It’s one small example of the benefit of the Internet. And although the need for reliable communications in the everyday industrial environment may seem small in comparison to the need for it on Sept. 11, the Internet and its World Wide Web provide a welcome connection, day in and day out, to a vast realm of contacts, information and resources literally throughout the world.
I doubt we’ve even come close to exploiting the full communications potential of the Net, in induBut more and more, developments in software, technology and app us closer to a new way of doing things.
Maintenance expert and regular contributor Morris Berengut explores one of these new applications in this issue with his examination of computerized maintenance management systems (CMMS) that reside on the Internet. No huge programs to install. No worries about networking computers in different plants. No troublesome data backups to be concerned about.
However, for all its advantages, there are issues with this method of maintenance management that will be of concern to some potential users. The article gives you all the pros and cons.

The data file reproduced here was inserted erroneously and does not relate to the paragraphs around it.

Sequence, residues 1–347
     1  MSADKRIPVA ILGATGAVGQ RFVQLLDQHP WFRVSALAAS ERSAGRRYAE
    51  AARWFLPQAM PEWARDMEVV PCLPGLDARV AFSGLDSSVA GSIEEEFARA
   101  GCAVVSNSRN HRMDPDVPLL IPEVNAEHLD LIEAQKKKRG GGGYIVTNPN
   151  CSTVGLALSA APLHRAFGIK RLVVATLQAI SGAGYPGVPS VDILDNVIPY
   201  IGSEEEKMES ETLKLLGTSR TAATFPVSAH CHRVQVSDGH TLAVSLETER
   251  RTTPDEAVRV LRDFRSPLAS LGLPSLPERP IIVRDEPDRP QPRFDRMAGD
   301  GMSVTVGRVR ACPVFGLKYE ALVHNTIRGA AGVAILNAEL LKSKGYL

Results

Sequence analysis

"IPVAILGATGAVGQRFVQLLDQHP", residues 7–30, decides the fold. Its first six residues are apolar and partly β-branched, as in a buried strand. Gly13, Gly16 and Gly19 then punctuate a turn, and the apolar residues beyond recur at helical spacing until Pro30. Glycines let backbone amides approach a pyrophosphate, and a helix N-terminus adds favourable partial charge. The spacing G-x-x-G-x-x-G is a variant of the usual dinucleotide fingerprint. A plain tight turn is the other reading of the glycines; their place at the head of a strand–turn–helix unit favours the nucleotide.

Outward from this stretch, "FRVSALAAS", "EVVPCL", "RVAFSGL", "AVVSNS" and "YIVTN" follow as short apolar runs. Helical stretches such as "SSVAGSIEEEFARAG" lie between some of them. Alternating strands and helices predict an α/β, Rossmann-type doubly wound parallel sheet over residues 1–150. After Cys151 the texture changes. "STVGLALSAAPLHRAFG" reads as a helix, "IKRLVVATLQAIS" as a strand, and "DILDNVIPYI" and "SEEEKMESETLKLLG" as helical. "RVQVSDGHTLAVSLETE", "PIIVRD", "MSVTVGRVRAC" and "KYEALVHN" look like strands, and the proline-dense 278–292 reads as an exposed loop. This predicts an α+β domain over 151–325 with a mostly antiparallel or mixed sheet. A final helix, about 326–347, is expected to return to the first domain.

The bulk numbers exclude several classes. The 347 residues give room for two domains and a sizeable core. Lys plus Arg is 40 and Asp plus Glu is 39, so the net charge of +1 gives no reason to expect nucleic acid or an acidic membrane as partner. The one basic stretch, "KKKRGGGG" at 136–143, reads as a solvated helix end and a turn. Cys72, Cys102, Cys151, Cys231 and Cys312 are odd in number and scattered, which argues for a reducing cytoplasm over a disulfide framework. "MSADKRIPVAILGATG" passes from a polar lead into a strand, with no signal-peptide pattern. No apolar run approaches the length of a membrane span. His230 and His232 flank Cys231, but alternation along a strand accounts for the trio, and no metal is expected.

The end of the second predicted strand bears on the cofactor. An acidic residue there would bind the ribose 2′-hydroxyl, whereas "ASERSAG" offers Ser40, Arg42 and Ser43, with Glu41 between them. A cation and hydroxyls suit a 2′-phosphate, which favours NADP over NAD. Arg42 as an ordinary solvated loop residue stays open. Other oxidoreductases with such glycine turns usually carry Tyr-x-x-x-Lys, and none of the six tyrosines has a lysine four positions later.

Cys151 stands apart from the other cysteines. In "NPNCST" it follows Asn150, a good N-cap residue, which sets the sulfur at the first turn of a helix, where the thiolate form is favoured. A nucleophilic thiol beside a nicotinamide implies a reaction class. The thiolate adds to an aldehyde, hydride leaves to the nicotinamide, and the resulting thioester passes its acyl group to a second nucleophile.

But more than that, it points to the future of our world. Even if you aren’t ready to run your maintenance department using a remote web server, you sking about what this technolog
It’s an interesting future we have to look forward to. Whether it’s co-ordinating all your maintenance operations from a laptop computer and a wireless modem out in the field, or simply letting loved ones know that you’re safe and sound, the Internet is sure to be an increasingly important part of our lives for years to come.
If you have any thoughts on this topic, I invite you to share them with us. Of course, I recommend that you use the Internet and send your note by e-mail to firstname.lastname@example.org.
Bill Roebuck, Editor
Do you have a solution for a maintenance problem? Send it in and if it’s published, we’ll send you a free Mr. O Problem Solver T-shirt and $35.00. Include your address and telephone number, print complete details, and add a sketch to help explain your tip. Send your ideas to Mr. O, Machinery & Equipment MRO, 1450 Don Mills Rd., Don Mills, ON M3B 2X7.